The 15 Best Built to Spill Songs

Music Lists Built to Spill

Built to Spill has always had a resolute formula. First, seduce the audience with memorable choruses and flashy guitar work. Then, having ensnared the listener, introduce the more eccentric elements—quirky guitar fills, howling vocals, peculiar lyrics.

The combination works as Built to Spill displays a reverence for rock’s roots and a willingness to explore its limits. And the approach has led to a diverse body of work—and an equally varied set of fans. Built to Spill’s catalog has 10-minute epics for the jam-band devotee; crunchy guitar hooks for the riff-rocker; and thoughtful, understated numbers for the indie fan.

Here are Built to Spill’s 15 best tracks, with a little something for everyone.

15. “Stop The Show”
Perfect From Now On
Singer, guitarist and bandleader Doug Martsch tests listeners’ resolve with a sleepy, three-minute introduction. But patience is ultimately rewarded: a cacophony of screeching guitars builds and gives way to a jaunty verse and chorus. “Stop The Show” also features a third act wedged at the very end, a saccharine guitar riff accompanied by clacking percussion.

14. “Fling”
There’s Nothing Wrong With Love
Few indie songs tackle the bawdy subject matter showcased in “Fling”; even fewer do so with a cello arrangement. “Fling” is an elegant song about a lewd experience, and it pulls off the juxtaposition expertly.

13. “Still Flat”
The Normal Years
“Still Flat” starts drowsily and builds into something more formidable. The song spends the next four-and-a-half minutes bouncing between the two modes, with Martsch lending a gifted vocal performance. A handful of horns give the chorus extra lift, along with grandiose lyrics: “another cosmic demonstration/with stars colliding into suns,” Martsch sings.

12. “Girl”
The Normal Years
“Girl” sounds like a song born of San Diego rather than Boise. It’s upbeat indie that borders on pop-punk. A nimble guitar solo centers the piece at the 1:16 mark, and Martsch ends the tune by spotlighting that rare quality we all seek in a mate: “someone I can talk to, someone I don’t have to talk to.” When the silences are no longer awkward, you’ve found a keeper.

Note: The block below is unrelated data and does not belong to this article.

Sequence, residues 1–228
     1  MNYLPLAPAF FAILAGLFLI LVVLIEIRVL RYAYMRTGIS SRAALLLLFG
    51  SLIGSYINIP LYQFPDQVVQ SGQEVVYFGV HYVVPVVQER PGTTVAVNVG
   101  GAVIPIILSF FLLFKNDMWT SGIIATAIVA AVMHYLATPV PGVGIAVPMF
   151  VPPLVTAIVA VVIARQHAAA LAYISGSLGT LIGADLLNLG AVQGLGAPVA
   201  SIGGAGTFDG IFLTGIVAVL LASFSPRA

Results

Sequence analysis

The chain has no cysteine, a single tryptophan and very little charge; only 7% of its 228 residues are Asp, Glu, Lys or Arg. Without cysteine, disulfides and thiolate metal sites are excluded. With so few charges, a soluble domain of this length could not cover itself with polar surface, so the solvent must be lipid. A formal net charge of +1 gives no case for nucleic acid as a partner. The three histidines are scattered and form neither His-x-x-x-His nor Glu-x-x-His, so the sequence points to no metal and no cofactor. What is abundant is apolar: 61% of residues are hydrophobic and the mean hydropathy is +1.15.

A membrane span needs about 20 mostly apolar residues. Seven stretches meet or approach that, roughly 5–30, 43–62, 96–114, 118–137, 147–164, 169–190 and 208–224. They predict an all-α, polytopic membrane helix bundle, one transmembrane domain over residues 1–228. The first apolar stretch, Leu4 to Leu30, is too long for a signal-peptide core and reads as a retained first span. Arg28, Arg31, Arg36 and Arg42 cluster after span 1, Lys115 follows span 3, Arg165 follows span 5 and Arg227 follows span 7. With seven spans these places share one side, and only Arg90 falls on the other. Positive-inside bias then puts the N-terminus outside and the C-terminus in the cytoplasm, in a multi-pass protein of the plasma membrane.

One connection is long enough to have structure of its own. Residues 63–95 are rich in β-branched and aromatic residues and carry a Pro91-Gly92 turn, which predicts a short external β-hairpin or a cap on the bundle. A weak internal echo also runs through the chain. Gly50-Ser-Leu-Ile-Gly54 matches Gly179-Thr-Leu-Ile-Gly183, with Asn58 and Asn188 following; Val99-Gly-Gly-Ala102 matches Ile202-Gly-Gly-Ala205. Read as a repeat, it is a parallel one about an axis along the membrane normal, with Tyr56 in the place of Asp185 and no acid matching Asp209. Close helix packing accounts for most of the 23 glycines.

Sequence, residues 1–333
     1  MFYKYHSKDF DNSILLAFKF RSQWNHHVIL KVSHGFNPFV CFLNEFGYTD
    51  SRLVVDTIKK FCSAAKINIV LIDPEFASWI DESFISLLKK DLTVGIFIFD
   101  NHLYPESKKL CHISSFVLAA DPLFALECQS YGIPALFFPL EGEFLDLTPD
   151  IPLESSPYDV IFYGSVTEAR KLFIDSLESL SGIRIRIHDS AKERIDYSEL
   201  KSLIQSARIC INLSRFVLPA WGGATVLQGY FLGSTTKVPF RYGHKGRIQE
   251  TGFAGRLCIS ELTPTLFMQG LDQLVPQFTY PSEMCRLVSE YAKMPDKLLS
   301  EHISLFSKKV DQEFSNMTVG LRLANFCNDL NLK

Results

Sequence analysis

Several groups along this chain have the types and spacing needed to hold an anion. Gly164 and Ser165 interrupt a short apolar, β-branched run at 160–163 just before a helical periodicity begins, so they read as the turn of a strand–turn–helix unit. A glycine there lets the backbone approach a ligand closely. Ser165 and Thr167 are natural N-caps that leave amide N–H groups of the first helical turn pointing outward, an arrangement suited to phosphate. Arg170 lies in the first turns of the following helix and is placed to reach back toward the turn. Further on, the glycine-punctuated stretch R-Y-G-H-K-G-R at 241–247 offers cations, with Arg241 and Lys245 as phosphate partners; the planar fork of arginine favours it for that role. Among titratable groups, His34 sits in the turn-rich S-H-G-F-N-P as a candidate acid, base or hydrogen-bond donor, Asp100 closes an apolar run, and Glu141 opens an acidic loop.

11. “Else”
Keep It Like A Secret
“Else” is a breezy, subdued number with some of the band’s most playful guitar fills. The bass—an instrument that doesn’t generally shine on Built to Spill tracks—plucks out an infectious riff.

10. “In Your Mind”
Ancient Melodies of the Future
“In Your Mind” decidedly flouts the verse-chorus-verse structure. Instead, the song starts with an aggressive rhythm section and only grows angrier, Martsch not so much singing as he is lecturing. The result is mesmerizing.

9. “Broken Chairs”
Keep It Like a Secret
In the tradition of Born to Run and Appetite for Destruction, Built to Spill’s fourth studio project ends with an epic, guitar-driven tune that borders on 10 minutes. Flashy guitar solos weave in and out of a somber set of chords.

8. “Made Up Dreams”
Perfect From Now On
Martsch’s voice is in rare form here, squawking and cawing without respite. It’s a true showcase of his range: in one bar his voice borders on absurd, and in the next it’s crooning a haunting melody.

7. “Aisle 13”
There Is No Enemy
On the heels of a muffled bass line and a drawn-out guitar squeal, “Aisle 13” collects itself and takes shape as a catchy, capable opening track to There Is No Enemy. Shimmering guitar accompany a poetic take on the mind’s mysterious inner workings. The song’s lyrical capstone: “one day I come home to find you/covered in ants because you’re so sweet.”

6. “Cortez The Killer”
The guitar work in this Neil Young classic lends itself to Martsch’s style so well, fans born in the ’80s or afterward might mistake the cover as a Built to Spill original.

5. “Distopian Dream Girl”
There’s Nothing Wrong With Love
Angsty and opinionated, our narrator bemoans his step-father and lauds David Bowie’s late-’70s output. The song is a four-and-a-half-minute lark with a perfectly-arranged percussion section.

4. “Three Years Ago Today”
Ultimate Alternative Wavers
The second song on Built to Spill’s first album, “Three Years Ago Today” sets a precedent that endures today. Brash guitar lines and sloppy arrangements with hidden brilliance are introduced with gusto, and show no signs of retreat 21 years later.

3. “Car”
There’s Nothing Wrong With Love
For many, “Car” functions as Built to Spill’s apex, a paragon of inventive guitar parts and pensive lyrics. Martsch address his favorite subject, dreams—“I want to see movies of my dreams,” he bellows—before the interlude gives way to the second-best guitar solo on this list.

2. “Center of the Universe”
Keep It Like A Secret
The opening riff begins slinky and ends, somehow, with a Western flair. The chorus-laden guitar work is the song’s highlight, followed closely by the backing vocal track.

1. “Strange”
Ancient Melodies of the Future
The best of Built of Spill’s oeuvre lays in the ’90s, when they hobnobbed with fellow indie luminaries like Pavement and Sonic Youth. So to name a song released in the new millennium as their best may seem sacrilege. Nonetheless: “Strange” is impeccable from start to finish, from the perfectly-engineered drums to the whimsical synth overlays. The song reaches its zenith at the 2:58 mark, when Martsch’s guitar first mirrors the vocal melody, and then lurches into a realm of bends, slides and kinks.

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